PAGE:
S&C contributor and Pompey Politics Podcast host Ian Morris shares his experience of the lockdown, as someone with diabetes. It’s Day 58 and Ian turns to the controversial issue of the government’s much critiqued new guidance to ease us out of lockdown in phases.
Tuesday 13th May, Day 58 of 89.
Three word slogans.
Back in 2017, you might have thought that the rebirth of three-word-slogan-politics had no chance of a healthy future. Theresa May’s ill-fated ‘Strong and stable’ was repeated ad nauseum and, after the wheels came off in the ensuing election, most might have thought that was the end of boiling down the nuances and subtlety of economic policy into a catchphrase.
It wasn’t a new phenomenon though. Perhaps I should do some research on this, but I don’t claim to be a proper writer. However, I do remember the late 1970s, when Margaret Thatcher came sweeping to power following a series of billboards – are there still billboards? – with posters declaring ‘Labour Isn’t Working’, with a photo of a massive queue of workers coming out of the doors of the ‘Unemployment Office’ (see image below).
The chirpy slogan came back last year with Boris Johnson’s ‘Get Brexit Done’ and I guess it went so well that this seemed like the best course of action to tackle a pandemic. So we had ‘Stay home – Save Lives – Protect the NHS‘ which all seemed to make perfect sense to me, but some in the online world began to froth: ‘Stay home? That’s not what they mean, there are all sorts of caviats and exceptions! It’s all so very confusing’.
Then on Sunday the Government binned ‘Stay home and protect the NHS’ and subbed in ‘Stay alert – Contain the virus – Save lives’. The online world went into meltdown. The same people who had posted on social media that ‘Stay home’ was as complex as a game of three-dimensional chess with a blindfold on were posting they couldn’t believe the government had ditched the crystal clear ‘Stay home’, in favour of the indecipherable ‘Stay alert’.
What struck me is that nobody believed we were ever going to go from lockdown to ‘as you were’, and that the return would be gradual, phased and longer than we would all hope.
I am not sure how any government can easily communicate such nuanced messages.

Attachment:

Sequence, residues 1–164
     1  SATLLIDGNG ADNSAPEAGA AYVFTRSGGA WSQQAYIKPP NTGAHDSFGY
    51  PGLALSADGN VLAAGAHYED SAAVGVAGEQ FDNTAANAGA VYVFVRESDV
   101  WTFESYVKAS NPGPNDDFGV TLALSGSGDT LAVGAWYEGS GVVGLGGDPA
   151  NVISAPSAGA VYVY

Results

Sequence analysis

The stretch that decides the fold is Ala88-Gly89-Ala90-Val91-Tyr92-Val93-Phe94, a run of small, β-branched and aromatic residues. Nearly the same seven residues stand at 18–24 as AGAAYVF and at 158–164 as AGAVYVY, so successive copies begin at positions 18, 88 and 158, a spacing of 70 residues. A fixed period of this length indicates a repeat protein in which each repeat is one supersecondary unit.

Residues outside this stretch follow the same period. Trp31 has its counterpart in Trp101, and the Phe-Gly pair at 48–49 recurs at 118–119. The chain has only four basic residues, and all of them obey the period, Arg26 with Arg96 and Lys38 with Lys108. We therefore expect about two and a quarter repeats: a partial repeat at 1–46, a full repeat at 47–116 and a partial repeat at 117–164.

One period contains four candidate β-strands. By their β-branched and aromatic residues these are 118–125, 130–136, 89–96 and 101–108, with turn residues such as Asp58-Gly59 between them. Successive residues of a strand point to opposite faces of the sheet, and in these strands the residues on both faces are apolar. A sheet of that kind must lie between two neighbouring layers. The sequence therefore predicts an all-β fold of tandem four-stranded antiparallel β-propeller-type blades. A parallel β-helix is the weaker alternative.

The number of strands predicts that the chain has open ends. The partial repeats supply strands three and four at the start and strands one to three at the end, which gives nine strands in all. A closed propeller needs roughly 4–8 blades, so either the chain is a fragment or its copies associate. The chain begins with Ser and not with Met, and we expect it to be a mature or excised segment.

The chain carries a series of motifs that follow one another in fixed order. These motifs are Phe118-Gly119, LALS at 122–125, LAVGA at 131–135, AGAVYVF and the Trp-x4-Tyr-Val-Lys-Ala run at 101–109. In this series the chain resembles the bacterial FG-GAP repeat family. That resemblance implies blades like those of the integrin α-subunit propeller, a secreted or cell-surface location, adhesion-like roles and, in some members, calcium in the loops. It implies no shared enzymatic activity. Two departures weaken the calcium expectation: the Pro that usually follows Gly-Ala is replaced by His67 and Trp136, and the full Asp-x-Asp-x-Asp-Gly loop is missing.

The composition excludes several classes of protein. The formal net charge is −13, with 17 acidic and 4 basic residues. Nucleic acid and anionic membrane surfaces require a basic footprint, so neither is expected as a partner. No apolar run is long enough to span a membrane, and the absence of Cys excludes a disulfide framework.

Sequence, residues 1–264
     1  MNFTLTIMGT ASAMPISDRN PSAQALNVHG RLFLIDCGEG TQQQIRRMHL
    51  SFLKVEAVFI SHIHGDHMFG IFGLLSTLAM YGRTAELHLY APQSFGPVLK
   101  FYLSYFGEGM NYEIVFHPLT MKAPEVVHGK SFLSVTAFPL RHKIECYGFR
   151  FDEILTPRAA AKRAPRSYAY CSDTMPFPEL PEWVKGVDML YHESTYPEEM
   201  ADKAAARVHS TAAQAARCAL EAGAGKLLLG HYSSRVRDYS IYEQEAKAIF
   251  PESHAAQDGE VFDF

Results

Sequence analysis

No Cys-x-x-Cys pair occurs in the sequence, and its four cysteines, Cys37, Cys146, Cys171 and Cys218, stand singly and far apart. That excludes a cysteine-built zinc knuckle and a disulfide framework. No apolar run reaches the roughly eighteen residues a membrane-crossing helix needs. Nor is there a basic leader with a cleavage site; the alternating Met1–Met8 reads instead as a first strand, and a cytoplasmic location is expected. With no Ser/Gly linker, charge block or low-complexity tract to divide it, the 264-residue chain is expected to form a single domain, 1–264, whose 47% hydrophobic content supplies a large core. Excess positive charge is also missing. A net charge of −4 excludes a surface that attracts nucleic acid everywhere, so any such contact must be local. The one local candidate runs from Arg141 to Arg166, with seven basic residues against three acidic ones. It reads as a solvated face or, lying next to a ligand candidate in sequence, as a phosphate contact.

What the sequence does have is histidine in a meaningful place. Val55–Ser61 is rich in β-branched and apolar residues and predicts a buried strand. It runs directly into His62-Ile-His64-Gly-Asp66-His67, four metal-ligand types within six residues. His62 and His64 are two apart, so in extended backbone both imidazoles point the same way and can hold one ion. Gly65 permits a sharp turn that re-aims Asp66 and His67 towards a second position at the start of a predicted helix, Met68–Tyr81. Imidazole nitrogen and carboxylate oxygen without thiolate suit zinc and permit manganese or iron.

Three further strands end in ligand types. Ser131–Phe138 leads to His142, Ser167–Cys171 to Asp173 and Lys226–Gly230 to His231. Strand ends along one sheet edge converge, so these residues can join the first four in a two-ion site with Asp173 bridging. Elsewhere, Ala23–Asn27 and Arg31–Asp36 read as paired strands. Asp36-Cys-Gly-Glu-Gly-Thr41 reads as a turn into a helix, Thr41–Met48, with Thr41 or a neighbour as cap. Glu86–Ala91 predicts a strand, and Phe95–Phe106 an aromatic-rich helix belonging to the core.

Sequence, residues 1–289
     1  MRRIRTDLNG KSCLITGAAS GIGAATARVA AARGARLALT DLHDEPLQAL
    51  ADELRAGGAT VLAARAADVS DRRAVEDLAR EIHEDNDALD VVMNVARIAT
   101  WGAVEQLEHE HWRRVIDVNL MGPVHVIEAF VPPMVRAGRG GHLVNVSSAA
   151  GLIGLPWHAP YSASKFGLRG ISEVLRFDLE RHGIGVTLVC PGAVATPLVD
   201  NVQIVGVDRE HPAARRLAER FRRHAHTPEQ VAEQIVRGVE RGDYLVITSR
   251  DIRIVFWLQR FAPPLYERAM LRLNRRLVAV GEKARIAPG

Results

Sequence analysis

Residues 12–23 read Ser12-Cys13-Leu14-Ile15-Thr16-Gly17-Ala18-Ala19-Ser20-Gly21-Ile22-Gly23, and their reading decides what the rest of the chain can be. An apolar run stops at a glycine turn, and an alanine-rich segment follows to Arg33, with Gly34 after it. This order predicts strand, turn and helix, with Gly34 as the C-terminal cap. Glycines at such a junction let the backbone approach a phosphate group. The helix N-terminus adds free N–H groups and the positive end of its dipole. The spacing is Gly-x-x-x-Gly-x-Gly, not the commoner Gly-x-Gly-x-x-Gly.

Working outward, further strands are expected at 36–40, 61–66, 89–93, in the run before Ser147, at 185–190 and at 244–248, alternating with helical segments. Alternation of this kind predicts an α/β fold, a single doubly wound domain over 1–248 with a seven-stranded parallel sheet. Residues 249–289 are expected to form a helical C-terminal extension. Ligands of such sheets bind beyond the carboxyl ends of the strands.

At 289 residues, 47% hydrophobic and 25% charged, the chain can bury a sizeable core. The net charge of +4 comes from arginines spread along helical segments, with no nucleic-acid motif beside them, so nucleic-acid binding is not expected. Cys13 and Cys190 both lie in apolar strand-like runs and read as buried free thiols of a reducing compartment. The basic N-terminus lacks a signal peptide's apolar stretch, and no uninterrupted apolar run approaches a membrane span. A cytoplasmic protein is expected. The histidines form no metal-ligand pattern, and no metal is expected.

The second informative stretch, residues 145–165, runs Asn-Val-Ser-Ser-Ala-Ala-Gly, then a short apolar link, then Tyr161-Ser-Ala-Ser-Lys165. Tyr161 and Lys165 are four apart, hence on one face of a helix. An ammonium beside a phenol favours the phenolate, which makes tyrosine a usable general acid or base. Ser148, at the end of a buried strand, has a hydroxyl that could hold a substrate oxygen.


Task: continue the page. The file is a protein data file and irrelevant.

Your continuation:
To be fair they made a dingo’s kidney of the ‘back to work’ message: – ‘Go back to work tomorrow, er, sorry no, on Wednesday, and follow the guidelines. What guidelines? Oh sorry, hang on a minute they are here somewhere……there you go.’
Ultimately, as the conditions change we can’t expect a series of two and three word soundbites to dictate to us each how we should behave.
One post I read yesterday said, ‘I am being told to go back to work. I have an 8 year old child and am in one of the high risk groups.’ It seemed their expectation was that an online form or some such should have been developed so they could fill it in and it would spit out a series of clear and unambiguous instructions on how to proceed.
So in an unpredictable world you can tell everyone you read it here first. There will be more soundbite slogans, they will be almost universally hated until they are retired, when of course they will be remembered with great fondness.
In the spirit of not just throwing stones, here is my offering to get us all through to the other side.
Don’t panic – Use your brain – Stay safe.
It will never catch on.
Find out more
Download or read the 60 page government guidance, Our plan to rebuild: The UK Government’s COVID-19 recovery strategy .
Don’t miss Ian’s diary each day, keep an eye out for new entries here, along with past editions of the Pompey Politics Podcast. How are you managing the lockdown at the moment? Get in touch with us over on Facebook or Twitter and let us know your experiences and any hints and tips you’re finding helpful right now.
Featured image from UK Prime Minister, Twitter.